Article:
What do the green lights on a cell booster mean?

Not what you think they do. If you look at this weBoost Home 4G booster, you’ll see the four green indicator lights on the front. You would think that if you see all green lights, you would be getting excellent boost and problem-free cell service.

You’d kinda be right, but you’d kinda be wrong.

The green lights mean there isn’t a problem. They mean the booster isn’t interfering with any cell towers, that it’s not feeding back on itself, that there isn’t some sort of short in the cabling. It doesn’t mean you’re getting better cell service.

And I know, this does not make a lot of sense. But I say again, there is no indicator on a cell booster that tells you whether it is actually doing anything. There’s nothing that says what the level is before the booster was turned on or what the level is now that it’s actually plugged in. The booster knows, at least it knows enough to know that it’s not overloading the cell tower or itself.

It’s perfectly possible to have all green lights on a cell booster and still have no improvement in coverage, and it’s also possible for a cell booster to do its job and you see no difference in the number of bars. So what can you do?

If you think the booster isn’t working
There are three common reasons that a booster wouldn’t give you the signal boost you’re looking for.

1. The outdoor antenna isn’t getting any signal. After all, you’re in an area with weak signal, right? As a regular person without a fancy signal meter, you can use your phone to figure out what’s going on. Turning off your cellular data will make sure you’re measuring the voice signal, from there I would follow the steps in this blog article which I wrote for another site. Make sure you have signal levels of -110dBm or higher (lower numbers of dBm are better, so -90 is better than -110) in order to get the best result.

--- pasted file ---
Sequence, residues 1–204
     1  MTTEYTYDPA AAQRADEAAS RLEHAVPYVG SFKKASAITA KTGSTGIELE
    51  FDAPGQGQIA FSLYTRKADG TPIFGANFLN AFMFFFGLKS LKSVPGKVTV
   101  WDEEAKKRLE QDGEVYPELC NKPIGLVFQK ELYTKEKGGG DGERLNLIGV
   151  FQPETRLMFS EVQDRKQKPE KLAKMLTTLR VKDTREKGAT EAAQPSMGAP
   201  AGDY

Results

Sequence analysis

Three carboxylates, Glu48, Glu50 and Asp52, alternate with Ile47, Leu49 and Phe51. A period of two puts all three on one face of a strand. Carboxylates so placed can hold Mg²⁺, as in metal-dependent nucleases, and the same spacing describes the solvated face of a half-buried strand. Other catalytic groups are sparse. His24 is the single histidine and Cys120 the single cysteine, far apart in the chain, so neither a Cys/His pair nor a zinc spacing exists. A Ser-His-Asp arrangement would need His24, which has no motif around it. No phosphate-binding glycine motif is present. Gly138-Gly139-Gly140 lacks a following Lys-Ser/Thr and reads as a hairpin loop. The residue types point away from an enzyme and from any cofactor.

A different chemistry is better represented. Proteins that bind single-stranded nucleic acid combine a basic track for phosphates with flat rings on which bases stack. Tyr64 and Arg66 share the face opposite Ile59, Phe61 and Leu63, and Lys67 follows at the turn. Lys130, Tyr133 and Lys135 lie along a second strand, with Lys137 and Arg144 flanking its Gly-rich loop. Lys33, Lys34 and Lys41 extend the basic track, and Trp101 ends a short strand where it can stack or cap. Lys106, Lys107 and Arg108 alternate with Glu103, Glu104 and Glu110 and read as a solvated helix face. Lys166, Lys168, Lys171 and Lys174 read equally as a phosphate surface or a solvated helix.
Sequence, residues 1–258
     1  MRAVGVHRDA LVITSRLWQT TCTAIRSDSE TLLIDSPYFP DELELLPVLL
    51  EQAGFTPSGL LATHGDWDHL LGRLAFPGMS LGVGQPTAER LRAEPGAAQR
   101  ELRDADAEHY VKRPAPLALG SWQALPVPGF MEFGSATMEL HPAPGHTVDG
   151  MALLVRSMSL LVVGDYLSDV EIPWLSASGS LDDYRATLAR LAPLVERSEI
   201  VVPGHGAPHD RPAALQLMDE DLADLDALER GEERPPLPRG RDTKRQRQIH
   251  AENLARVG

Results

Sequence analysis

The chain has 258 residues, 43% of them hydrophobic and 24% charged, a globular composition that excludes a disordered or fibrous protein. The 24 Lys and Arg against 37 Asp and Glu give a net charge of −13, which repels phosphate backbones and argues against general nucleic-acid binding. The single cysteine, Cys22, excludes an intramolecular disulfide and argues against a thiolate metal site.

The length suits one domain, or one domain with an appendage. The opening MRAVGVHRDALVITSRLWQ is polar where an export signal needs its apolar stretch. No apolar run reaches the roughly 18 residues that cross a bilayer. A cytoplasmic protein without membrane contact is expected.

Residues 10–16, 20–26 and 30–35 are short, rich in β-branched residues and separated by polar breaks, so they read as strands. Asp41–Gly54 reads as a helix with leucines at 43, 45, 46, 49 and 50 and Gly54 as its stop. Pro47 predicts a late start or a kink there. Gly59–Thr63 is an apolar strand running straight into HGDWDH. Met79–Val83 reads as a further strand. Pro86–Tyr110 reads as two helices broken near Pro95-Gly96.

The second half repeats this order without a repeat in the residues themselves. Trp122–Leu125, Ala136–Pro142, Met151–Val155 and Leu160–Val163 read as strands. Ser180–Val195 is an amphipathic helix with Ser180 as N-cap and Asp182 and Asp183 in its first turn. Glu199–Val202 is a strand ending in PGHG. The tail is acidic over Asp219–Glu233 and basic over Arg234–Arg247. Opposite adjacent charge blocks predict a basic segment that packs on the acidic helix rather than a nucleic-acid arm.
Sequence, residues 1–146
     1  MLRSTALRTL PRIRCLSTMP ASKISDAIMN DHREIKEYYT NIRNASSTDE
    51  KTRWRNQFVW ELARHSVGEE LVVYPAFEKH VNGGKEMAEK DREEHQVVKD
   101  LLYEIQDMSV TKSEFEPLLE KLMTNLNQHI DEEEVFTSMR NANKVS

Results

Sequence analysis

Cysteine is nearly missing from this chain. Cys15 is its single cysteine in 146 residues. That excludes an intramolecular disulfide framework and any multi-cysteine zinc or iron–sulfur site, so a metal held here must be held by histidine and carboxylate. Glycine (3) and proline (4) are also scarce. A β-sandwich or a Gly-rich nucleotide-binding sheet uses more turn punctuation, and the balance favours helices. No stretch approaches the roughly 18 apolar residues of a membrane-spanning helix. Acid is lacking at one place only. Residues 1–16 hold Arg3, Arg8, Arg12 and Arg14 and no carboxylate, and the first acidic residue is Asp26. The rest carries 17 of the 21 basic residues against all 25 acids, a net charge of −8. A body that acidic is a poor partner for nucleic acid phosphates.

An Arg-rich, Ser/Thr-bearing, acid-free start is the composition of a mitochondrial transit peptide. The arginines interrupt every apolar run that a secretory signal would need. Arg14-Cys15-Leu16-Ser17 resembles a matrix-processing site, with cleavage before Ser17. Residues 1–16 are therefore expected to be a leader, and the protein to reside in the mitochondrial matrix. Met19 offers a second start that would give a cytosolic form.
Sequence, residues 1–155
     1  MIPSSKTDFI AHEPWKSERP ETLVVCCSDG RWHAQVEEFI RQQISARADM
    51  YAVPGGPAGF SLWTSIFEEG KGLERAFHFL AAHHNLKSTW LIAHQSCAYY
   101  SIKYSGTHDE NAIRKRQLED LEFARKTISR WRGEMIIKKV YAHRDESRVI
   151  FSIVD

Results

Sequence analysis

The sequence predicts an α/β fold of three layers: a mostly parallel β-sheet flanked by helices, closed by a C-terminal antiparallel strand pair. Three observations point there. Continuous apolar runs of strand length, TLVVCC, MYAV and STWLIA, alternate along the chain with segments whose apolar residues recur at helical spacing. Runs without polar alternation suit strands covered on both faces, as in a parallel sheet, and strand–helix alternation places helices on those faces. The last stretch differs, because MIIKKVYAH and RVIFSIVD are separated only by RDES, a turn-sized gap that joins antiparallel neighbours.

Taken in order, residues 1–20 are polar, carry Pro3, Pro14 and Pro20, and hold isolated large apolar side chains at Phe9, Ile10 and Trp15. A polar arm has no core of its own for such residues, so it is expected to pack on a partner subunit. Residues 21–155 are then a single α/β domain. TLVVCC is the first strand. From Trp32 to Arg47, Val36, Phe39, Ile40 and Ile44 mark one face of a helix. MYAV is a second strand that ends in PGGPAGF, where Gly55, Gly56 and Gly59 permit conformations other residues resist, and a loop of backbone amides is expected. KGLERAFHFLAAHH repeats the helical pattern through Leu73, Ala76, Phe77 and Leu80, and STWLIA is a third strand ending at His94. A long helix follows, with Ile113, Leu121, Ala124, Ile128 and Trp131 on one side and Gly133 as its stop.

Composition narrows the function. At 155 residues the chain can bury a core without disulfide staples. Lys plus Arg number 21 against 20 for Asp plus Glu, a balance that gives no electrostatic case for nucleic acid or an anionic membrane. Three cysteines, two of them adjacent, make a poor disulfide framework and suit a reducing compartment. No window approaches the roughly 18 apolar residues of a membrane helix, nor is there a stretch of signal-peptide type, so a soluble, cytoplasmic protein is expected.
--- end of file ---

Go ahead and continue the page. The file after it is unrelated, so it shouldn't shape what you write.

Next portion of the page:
2. There’s a problem with the cable or connection. This is quite possible as well. If you have a multimeter you can test the wire by touching one terminal to each of the center connectors, and then test for a short by touching one terminal to one center connector and the other terminal to the other wire. Or, get this cable tester which is easier.

3. It’s just not hooked up. Don’t be ashamed, this happens. Sometimes you don’t tighten a connection up and it doesn’t quite connect. Loosen and re-tighten all the connections.

If none of those things help, there may be a problem with the booster itself, which is rare but of course it does happen. From there, you can call us at Solid Signal at 888-233-7563 and we’ll be happy to try additional steps or exchange out the unit if that’s really what it takes.

About the Author

Stuart Sweet
Stuart Sweet is the editor-in-chief of The Solid Signal Blog and a "master plumber" at Signal Group, LLC. He is the author of over 8,000 articles and longform tutorials including many posted here. Reach him by clicking on "Contact the Editor" at the bottom of this page.